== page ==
Taking care of your feet is very important if you have diabetes. Diabetes can lead to a few problems that can hurt your feet. High blood glucose levels cause nerve damage (known as neuropathy) in your feet and legs.1 This can mean that you may not be able to feel heat or cold as well and that you can have a cut or sore on your foot without knowing it. Another problem that can happen when you have diabetes is poor blood flow to your feet and legs.1 This can make it more difficult for sores and infections to get better. If infection is left untreated, it can eventually lead to the need for amputation of toes, the foot, and even part of the leg.
As frightening as this may sound, there are some very simple steps you can take to protect your feet and your health. The American Diabetes Association offers the following recommendations for taking care of your feet2:
Take care of your diabetes. Work with your health care team to keep your blood glucose in your target range.
Check your feet every day. Look at your bare feet for red spots, cuts, swelling, and blisters. If you cannot see the bottoms of your feet, use a mirror or ask someone for help.
Be more active. Plan your physical activity program with your health team.
Ask your doctor about Medicare coverage for special shoes. Special shoes can be made to fit your feet well and help protect your feet from blisters and calluses that can become infected.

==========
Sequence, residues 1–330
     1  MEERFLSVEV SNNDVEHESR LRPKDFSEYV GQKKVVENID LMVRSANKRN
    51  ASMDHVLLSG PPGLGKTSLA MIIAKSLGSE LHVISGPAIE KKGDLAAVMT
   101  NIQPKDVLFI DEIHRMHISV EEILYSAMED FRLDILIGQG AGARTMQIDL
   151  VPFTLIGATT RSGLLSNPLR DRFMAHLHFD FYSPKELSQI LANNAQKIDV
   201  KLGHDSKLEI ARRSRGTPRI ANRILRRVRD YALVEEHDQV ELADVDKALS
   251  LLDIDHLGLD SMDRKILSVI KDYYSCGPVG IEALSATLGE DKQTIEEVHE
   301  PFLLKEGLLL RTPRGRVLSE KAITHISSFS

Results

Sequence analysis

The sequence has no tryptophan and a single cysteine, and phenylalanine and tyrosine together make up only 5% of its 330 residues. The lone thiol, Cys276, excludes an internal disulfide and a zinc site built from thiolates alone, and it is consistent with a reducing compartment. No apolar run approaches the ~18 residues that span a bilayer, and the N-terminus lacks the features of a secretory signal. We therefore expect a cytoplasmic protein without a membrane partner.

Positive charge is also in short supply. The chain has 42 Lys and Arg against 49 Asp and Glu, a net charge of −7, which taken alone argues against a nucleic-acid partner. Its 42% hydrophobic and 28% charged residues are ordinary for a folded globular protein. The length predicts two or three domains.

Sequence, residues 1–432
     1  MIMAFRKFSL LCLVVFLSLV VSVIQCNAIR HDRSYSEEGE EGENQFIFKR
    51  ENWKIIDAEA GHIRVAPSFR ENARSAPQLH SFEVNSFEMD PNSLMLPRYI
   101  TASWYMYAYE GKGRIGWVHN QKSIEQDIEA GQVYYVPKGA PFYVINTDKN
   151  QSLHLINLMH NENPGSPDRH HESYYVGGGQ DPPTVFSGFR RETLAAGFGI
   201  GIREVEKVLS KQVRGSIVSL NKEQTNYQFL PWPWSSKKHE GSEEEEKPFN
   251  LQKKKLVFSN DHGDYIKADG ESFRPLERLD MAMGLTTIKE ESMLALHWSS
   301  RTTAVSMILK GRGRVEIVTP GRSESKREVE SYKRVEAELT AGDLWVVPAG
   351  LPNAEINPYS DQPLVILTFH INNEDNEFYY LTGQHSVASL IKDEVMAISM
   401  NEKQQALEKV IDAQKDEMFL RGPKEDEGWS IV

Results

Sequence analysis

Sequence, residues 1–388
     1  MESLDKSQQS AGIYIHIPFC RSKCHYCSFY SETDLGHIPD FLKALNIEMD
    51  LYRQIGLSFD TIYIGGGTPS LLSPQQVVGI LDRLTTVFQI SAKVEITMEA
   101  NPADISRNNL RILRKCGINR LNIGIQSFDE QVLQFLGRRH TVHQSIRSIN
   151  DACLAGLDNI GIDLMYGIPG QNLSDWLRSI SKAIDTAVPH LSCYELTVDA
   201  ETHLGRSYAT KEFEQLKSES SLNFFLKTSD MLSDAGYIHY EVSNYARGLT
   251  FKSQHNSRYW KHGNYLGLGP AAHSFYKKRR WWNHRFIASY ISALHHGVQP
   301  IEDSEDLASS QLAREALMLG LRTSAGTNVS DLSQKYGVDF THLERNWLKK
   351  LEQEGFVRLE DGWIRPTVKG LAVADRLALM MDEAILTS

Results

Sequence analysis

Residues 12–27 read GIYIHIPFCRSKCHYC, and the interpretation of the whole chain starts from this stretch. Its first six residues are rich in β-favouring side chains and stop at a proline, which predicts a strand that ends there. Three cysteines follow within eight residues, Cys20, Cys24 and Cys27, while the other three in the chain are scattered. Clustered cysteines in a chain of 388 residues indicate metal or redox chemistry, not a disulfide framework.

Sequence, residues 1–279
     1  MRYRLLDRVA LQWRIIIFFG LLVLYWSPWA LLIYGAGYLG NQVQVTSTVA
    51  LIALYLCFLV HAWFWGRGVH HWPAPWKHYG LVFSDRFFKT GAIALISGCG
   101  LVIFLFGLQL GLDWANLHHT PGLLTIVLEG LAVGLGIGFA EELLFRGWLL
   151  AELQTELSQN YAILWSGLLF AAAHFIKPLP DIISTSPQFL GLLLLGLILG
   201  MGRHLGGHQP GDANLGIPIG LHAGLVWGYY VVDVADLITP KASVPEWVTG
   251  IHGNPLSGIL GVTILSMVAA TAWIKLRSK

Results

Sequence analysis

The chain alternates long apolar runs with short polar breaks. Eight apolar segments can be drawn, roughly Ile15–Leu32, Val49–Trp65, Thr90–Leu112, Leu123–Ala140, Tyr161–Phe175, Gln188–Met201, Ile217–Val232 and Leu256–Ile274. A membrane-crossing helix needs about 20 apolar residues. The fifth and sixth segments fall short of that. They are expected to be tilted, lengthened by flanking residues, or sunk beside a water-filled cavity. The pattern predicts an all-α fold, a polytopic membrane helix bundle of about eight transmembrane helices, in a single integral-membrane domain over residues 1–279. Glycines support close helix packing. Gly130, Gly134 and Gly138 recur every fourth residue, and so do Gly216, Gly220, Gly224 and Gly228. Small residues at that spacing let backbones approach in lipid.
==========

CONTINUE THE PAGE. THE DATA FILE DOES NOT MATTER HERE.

Wash your feet every day. Dry them carefully, especially between the toes.
Keep your skin soft and smooth. Rub a thin coat of skin lotion over the tops and bottoms of your feet, but not between your toes. Ask your doctor about what lotion or creams to use
If you can see and reach your toenails, trim them when needed. Trim your toenails straight across and file the edges with an emery board or nail file. If you are unable to trim your toenails yourself, ask for help from you doctor.
Wear shoes and socks at all times. Never walk barefoot. Wear comfortable shoes that fit well and protect your feet. Check inside your shoes before wearing them. Make sure the lining is smooth and there are no objects inside.
Protect your feet from hot and cold. Wear shoes at the beach or on hot pavement. Don’t put your feet into hot water. Test water before putting your feet in it just as you would before bathing a baby. Never use hot water bottles, heating pads, or electric blankets. You can burn your feet without realizing it.
Keep the blood flowing to your feet. Put your feet up when sitting. Wiggle your toes and move your ankles up and down for 5 minutes, two (2) or three (3) times a day. Don’t cross your legs for long periods of time. Don’t smoke.
Get started now! Begin taking good care of your feet today. Set a time every day to check your feet.
You should tell your doctor right away about any foot problems that you have and have your doctor examine your feet at each diabetes checkup. To help make sure that your doctor checks your feet, remove your shoes and socks before your doctor enters the exam room1.
By: April Agne, MPH and Rebecca Honaker, BA (September 2013)